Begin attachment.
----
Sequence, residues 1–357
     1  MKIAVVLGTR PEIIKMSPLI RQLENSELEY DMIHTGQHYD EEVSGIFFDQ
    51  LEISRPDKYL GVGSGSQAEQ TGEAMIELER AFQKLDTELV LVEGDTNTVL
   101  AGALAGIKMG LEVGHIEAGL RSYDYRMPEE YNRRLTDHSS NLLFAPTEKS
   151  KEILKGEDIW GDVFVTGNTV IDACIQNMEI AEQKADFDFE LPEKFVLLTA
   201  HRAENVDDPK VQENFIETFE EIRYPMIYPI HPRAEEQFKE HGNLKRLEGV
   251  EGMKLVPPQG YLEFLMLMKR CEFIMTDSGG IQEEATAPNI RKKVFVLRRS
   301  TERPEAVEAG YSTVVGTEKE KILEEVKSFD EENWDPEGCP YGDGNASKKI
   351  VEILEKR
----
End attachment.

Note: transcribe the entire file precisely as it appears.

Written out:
Sequence, residues 1–357
     1  MKIAVVLGTR PEIIKMSPLI RQLENSELEY DMIHTGQHYD EEVSGIFFDQ
    51  LEISRPDKYL GVGSGSQAEQ TGEAMIELER AFQKLDTELV LVEGDTNTVL
   101  AGALAGIKMG LEVGHIEAGL RSYDYRMPEE YNRRLTDHSS NLLFAPTEKS
   151  KEILKGEDIW GDVFVTGNTV IDACIQNMEI AEQKADFDFE LPEKFVLLTA
   201  HRAENVDDPK VQENFIETFE EIRYPMIYPI HPRAEEQFKE HGNLKRLEGV
   251  EGMKLVPPQG YLEFLMLMKR CEFIMTDSGG IQEEATAPNI RKKVFVLRRS
   301  TERPEAVEAG YSTVVGTEKE KILEEVKSFD EENWDPEGCP YGDGNASKKI
   351  VEILEKR